Large cell neuroendocrine carcinoma (LCNEC) of the gallbladder is extremely rare and usually combined with other type of malignancy, mostly adenocarcinoma. We report an unusual case of combined adenosquamous carcinoma and LCNEC of the gallbladder in a 54-year-old woman. A radical cholecystectomy specimen revealed a 4.3×4.0 cm polypoid mass in the fundus with infiltration of adjacent liver parenchyma. Microscopically, the tumor consisted of two distinct components. Adenosquamous carcinoma was predominant and abrupt transition from adenocarcinoma to squamous cell carcinoma was observed. LCNEC showed round cells with large, vesicular nuclei, abundant mitotic figures, and occasional pseudorosette formation. The patient received adjuvant chemotherapy. However, multiple liver metastases were identified at 3-month follow-up. Metastatic nodules were composed of LCNEC and squamous cell carcinoma components. Detecting LCNEC component is important in gallbladder cancer, because the tumor may require a different chemotherapy regimen and show early metastasis and poor prognosis.
BackgroundMycobacterial culture is the gold standard test for diagnosing tuberculosis (TB), but it is time-consuming. Polymerase chain reaction (PCR) is a highly sensitive and specific method that can reduce the time required for diagnosis. The diagnostic efficacy of PCR differs, so this study determined the actual sensitivity of TB-PCR in tissue specimens.MethodsWe retrospectively reviewed 574 cases. The results of the nested PCR of the IS6110 gene, mycobacterial culture, TB-specific antigen-induced interferon-γ release assay (IGRA), acid-fast bacilli (AFB) staining, and histological findings were evaluated.ResultsThe positivity rates were 17.6% for PCR, 3.3% for the AFB stain, 22.2% for mycobacterial culture, and 55.4% for IGRA. PCR had a low sensitivity (51.1%) and a high specificity (86.3%) based on the culture results of other studies. The sensitivity was higher (65.5%) in cases with necrotizing granuloma but showed the highest sensitivity (66.7%) in those with necrosis only. The concordance rate between the methods indicated that PCR was the best method compared to mycobacterial culture, and the concordance rate increased for the methods using positive result for PCR or histologic features.ConclusionsPCR of tissue specimens is a good alternative to detect tuberculosis, but it may not be as sensitive as previously suggested. Its reliability may also be influenced by some histological features. Our data showed a higher sensitivity when specimens contained necrosis, which indicated that only specimens with necrosis should be used for PCR to detect tuberculosis.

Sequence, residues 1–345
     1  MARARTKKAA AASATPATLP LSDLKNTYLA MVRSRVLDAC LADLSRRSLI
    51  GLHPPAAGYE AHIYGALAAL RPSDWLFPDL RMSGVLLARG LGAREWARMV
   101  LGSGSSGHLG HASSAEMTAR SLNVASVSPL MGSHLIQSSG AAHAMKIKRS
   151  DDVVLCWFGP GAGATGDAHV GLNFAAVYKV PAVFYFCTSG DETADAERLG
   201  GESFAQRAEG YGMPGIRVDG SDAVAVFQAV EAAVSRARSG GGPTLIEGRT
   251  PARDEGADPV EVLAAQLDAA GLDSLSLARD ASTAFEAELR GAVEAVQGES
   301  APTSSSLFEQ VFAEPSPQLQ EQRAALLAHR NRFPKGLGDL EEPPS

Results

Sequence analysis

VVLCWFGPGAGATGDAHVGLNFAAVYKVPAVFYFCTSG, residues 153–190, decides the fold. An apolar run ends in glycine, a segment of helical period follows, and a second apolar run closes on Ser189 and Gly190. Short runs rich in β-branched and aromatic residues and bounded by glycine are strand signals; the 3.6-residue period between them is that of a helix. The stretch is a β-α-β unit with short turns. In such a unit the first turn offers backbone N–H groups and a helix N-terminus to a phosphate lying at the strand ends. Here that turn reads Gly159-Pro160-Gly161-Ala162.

In this study, we aimed to investigate the molecular biomarkers that are pivotal for the development and progression of gastric cancer (GC). We analyzed clinical specimens using RNA sequencing to identify the target genes. We found that the expression of HOXC6 mRNA was upregulated with the progression of cancer, which was validated by quantitative real time PCR and RNA in-situ hybridization. To compare the protein expression of HOXC6, we evaluated GC and normal gastric tissue samples using western blot analysis and immunohistochemistry. We detected significantly higher levels of HOXC6 in the GC tissues than in the normal controls at both mRNA and protein levels. The expression levels of HOXC6 mRNA in patients with advanced gastric cancer (AGC) were significantly higher than those in patients with early gastric cancer (EGC). Kaplan-Meier curves showed that high expression of HOXC6 mRNA is significantly associated with poor clinical prognosis. Our findings suggest that HOXC6 mRNA may be a novel biomarker and can be potentially valuable in predicting the prognosis of GC patients. Especially, HOXC6 mRNA in-situ hybridization may be a diagnostic tool for predicting prognosis of individual GC patients.